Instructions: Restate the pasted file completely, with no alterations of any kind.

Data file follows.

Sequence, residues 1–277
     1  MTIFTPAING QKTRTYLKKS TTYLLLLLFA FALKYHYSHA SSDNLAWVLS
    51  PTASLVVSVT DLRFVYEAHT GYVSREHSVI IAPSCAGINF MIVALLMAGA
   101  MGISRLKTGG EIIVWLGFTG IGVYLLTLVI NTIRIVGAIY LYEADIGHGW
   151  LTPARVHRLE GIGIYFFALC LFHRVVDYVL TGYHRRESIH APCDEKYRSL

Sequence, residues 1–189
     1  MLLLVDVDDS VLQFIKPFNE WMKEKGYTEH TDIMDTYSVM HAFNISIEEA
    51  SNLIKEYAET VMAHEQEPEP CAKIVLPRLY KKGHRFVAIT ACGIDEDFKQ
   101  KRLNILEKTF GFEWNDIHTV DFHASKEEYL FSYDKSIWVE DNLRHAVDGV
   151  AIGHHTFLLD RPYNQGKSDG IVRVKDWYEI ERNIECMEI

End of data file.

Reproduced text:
Sequence, residues 1–277
     1  MTIFTPAING QKTRTYLKKS TTYLLLLLFA FALKYHYSHA SSDNLAWVLS
    51  PTASLVVSVT DLRFVYEAHT GYVSREHSVI IAPSCAGINF MIVALLMAGA
   101  MGISRLKTGG EIIVWLGFTG IGVYLLTLVI NTIRIVGAIY LYEADIGHGW
   151  LTPARVHRLE GIGIYFFALC LFHRVVDYVL TGYHRRESIH APCDEKYRSL

Sequence, residues 1–189
     1  MLLLVDVDDS VLQFIKPFNE WMKEKGYTEH TDIMDTYSVM HAFNISIEEA
    51  SNLIKEYAET VMAHEQEPEP CAKIVLPRLY KKGHRFVAIT ACGIDEDFKQ
   101  KRLNILEKTF GFEWNDIHTV DFHASKEEYL FSYDKSIWVE DNLRHAVDGV
   151  AIGHHTFLLD RPYNQGKSDG IVRVKDWYEI ERNIECMEI